Please let us know what you eventually find is the cause and solution.
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Scott Holtzman

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Re: RF problems in new HS stadium install
« Reply #15 on: September 11, 2016, 06:33:36 pm »



Thanks again to all for these great responses!   In light of all of your suggestions i think my best strategy here will be:

1) Scan with spectrum analyzer as Mac and many others suggested.  I know that i need to find out what FM frequency the Marti is actually broadcasting and whether the output is clean or not and what its input level is at the AT receiver/antennas.




Clarification, FM (Frequency Modulation) is the type of modulation where the center frequency is deviated to correspond with the input signal.

FM can be used in any frequency range.

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Scott AKA "Skyking" Holtzman

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Denn Cimo

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Re: RF problems in new HS stadium install
« Reply #16 on: September 12, 2016, 09:26:02 am »

Clarification, FM (Frequency Modulation) is the type of modulation where the center frequency is deviated to correspond with the input signal.

FM can be used in any frequency range.

Duh, yes, duly noted. Hey Scott, I sent you a PM
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Denn Cimo

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Re: RF problems in new HS stadium install
« Reply #17 on: September 12, 2016, 09:45:19 am »


It looked like the Marti model you said it is has thumbwheel setting on the front to tune the transmitter to. So I would start by looking at that. Then you will know where to start scanning for issues. I would start at least a little bit below that frequency (if your RF Explorer goes that low) if not even more. Ideally if you can do it with one thing on at a time, in this case just the Marti you should be able to see what it is doing in relationship to what else is on air. You say that Ė ďMain problem seems to be that there is an AM station WLEC 161.640.Ē This is WLEC 1450 (itís frequency is 1450) in Sandusky, Ohio. And the 161.640 looks like it is the frequency of the Marti transmitter back to the station itself.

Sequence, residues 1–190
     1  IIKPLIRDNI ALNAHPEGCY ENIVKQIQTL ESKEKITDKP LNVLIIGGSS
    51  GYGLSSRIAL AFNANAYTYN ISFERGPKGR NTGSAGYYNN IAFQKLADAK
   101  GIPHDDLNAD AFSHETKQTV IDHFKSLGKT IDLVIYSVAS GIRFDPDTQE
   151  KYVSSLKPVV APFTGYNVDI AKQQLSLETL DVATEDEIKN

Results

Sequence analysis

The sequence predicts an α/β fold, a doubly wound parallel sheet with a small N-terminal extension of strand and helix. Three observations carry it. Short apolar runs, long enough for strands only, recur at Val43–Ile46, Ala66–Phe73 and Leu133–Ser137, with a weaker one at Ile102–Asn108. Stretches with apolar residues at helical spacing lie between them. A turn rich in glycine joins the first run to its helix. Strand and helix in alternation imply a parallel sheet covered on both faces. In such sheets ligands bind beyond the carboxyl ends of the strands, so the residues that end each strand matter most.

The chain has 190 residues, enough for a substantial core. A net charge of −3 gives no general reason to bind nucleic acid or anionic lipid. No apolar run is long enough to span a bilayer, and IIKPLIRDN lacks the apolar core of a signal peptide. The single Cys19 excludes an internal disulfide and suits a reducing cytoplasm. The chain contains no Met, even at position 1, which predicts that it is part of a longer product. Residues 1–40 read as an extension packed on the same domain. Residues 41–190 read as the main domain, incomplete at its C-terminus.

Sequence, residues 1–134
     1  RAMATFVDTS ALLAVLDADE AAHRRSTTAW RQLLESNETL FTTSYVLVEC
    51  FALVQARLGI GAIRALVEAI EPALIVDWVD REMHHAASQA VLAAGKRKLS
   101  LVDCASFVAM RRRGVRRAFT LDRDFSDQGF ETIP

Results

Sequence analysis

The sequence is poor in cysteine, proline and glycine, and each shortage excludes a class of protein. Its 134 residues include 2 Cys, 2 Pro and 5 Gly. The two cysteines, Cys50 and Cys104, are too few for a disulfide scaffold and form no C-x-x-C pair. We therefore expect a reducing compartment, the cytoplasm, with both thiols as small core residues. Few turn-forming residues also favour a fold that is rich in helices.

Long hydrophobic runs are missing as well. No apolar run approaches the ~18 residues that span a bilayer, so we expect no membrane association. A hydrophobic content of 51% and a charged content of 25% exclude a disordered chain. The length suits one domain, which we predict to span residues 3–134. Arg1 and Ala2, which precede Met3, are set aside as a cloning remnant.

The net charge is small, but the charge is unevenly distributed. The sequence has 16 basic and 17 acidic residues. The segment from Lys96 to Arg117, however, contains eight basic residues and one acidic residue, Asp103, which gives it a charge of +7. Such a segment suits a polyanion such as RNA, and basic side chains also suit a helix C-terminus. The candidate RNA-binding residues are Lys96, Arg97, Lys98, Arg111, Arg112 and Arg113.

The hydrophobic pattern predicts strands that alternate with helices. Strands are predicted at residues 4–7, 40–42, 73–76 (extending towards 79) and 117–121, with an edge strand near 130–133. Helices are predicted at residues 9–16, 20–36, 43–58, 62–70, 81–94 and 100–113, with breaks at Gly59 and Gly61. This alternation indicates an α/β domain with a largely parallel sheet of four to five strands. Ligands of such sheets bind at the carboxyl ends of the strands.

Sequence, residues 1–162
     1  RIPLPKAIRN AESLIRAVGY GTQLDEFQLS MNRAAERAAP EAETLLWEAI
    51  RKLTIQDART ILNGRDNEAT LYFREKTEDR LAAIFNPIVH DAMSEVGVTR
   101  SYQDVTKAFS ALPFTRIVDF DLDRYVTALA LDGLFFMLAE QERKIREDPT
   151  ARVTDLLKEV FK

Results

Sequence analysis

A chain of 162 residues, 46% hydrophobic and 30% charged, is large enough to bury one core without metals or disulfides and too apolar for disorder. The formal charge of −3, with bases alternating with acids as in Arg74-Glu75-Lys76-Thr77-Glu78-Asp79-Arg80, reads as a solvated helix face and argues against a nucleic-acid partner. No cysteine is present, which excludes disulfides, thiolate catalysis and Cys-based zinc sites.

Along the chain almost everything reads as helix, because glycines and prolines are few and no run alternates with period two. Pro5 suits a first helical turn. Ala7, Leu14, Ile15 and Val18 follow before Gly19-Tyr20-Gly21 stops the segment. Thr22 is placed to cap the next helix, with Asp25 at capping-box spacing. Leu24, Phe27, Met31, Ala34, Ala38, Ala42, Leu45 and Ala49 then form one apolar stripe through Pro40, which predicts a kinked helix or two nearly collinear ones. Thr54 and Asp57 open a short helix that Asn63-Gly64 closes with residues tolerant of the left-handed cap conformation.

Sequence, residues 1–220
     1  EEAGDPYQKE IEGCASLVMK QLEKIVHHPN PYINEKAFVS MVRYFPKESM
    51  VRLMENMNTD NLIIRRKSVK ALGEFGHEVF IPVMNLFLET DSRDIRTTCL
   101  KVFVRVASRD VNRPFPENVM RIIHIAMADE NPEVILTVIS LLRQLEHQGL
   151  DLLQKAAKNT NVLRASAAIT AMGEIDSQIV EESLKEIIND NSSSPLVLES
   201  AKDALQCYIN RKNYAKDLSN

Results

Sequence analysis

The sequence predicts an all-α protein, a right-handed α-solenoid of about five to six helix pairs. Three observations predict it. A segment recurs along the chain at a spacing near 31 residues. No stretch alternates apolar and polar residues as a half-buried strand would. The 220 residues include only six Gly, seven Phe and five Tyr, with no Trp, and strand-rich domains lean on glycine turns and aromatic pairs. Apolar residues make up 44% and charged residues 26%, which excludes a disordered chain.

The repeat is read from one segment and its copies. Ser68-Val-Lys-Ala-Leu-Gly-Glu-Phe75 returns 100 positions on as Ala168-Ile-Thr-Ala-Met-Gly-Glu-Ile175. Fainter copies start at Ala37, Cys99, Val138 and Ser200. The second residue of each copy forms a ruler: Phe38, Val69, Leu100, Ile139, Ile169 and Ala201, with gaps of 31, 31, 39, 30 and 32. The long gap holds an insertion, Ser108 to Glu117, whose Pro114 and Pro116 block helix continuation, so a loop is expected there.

Which RF-Explorer model did you get? If it is capable of going as low as the Marti transmitter I would gather that you would see if the output looks right. But if you can only scan in your wireless mic range then you should see if there is a lot of garbage there. Hopefully the radio people will be cooperative enough that they will meet you at the stadium at a time when you arenít about to have a game so you can work together to see if you can figure out what the problem is.